To submit an import declaration for goods brought into the UK in a vehicle that carries more than 9 people or weighs 3.5 tonnes or more, you’ll again need to access either the CHIEF system or CDS having invested in compatible software. Depending on the nature of the goods and what permission you have, you’ll then need to submit either a simplified or full import declaration.
Declaring goods brought into the UK by large vehicle can again be very complicated, so you may want to get a customs agents to deal with matters on your behalf.
What are simplified declarations?
If you regularly make import declarations there are processes that can make clearing customs quicker and easier to manage. These include simplified declaration procedures where, on arrival in the UK, your goods will be released directly to a specified customs procedure without having to provide a full customs declaration at the point of release. However, to use simplified declarations, you’ll need authorisation from HMRC, where it can take up to 60 calendar days to complete the necessary checks.
Before you import goods using simplified declarations, you’ll still need access to computer software that enables you to interact with the CHIEF system or the CDS, as well as a duty deferment account for paying duty and VAT for monthly direct debits, rather than paying for individual consignments.
Once authorised, you can submit a simplified frontier declaration usage the CHIEF system or CDS before your goods board either a vessel or train departing for a location that uses the GVMS or a vessel departing for a location where pre-lodgement is needed. After you’ve submitted your simplified frontier declaration, you’ll need to complete a supplementary and final supplementary declaration.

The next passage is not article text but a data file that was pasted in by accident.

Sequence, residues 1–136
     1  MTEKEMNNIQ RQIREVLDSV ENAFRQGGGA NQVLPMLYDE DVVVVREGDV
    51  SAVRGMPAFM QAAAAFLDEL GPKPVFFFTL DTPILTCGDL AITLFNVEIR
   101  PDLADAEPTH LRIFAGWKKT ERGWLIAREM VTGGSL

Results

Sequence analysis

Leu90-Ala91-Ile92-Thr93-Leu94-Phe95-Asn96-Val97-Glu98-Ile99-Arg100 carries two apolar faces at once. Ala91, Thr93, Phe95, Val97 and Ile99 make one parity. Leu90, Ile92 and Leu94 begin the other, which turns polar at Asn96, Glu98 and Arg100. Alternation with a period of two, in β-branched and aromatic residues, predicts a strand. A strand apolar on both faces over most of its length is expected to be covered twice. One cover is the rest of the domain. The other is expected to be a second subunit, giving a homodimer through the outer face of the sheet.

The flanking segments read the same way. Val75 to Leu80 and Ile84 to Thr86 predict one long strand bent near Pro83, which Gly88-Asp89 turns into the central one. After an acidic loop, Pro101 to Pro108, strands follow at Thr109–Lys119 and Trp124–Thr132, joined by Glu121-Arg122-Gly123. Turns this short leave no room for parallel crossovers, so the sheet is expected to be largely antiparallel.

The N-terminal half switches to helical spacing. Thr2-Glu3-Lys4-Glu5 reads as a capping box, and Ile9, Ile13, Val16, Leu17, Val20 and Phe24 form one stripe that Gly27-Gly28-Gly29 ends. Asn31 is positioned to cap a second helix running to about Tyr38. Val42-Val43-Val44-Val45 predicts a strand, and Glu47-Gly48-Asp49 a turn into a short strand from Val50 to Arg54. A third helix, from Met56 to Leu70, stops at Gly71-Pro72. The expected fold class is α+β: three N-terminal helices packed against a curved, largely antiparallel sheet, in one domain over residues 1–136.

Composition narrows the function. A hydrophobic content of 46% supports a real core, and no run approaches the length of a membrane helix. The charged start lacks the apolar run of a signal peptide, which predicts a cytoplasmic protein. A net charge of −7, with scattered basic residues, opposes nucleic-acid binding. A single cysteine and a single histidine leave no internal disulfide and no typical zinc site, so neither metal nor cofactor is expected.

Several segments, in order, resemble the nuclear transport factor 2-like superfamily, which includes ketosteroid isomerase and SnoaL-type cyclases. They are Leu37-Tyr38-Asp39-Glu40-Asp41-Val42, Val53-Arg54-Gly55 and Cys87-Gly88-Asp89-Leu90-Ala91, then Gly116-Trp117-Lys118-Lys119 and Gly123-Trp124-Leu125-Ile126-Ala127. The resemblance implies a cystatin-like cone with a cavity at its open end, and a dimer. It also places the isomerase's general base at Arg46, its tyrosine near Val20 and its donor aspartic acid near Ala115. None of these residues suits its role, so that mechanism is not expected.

Further guidance to find out if you can use the simplified declaration procedure to declare your goods, and on ineligible goods and procedures, can be found at GOV.UK.
Delaying import declarations
From 1 January 2022, if you’re importing non-controlled goods into Great Britain from the EU, you’ll no longer be able to delay making your import declarations by up to 175 days under the Staged Customs Controls rules that have applied during 2021. The only exception to this rule is if you’re importing non-controlled goods entering Great Britain from Irish ports, where there are no changes to the rules, provided you make an entry in declarants imports at the time of import.
This means that for those importing from Ireland, but only Ireland, they will be able to delay the payments of customs duties. Most people importing goods, either from within the EU or outside the EU, will now have to make import declarations and pay the relevant tariffs at the point of import.
UK import licence FAQs
What is an import declaration UK?
An import declaration is an official document setting out the value and contents of the goods being imported into the UK. In many cases, goods will not be allowed to cross the UK border without one.
What is the purpose of the import declaration?
The import declaration is designed to helps customs monitor, control and place a levy on the goods that enter the UK, not least where goods can affect the country's economy, security or environment.
Do I need an import declaration?
You’ll need to submit an import declaration for most goods that you intend to to sell or use in business in the UK. You can check if you need to declare imported goods using the online tool at GOV.UK.
How do I submit a customs declaration?
The way in which you submit a customs declaration will depend on how the goods are being imported into the UK, although you may want to get a customs agents to deal with this process on your behalf.
The matters contained in this article are intended to be for general information purposes only. This article does not constitute legal advice, nor is it a complete or authoritative statement of the law, and should not be treated as such. Whilst every effort is made to ensure that the information is correct, no warranty, express or implied, is given as to its accuracy and no liability is accepted for any error or omission. Before acting on any of the information contained herein, expert legal advice should be sought.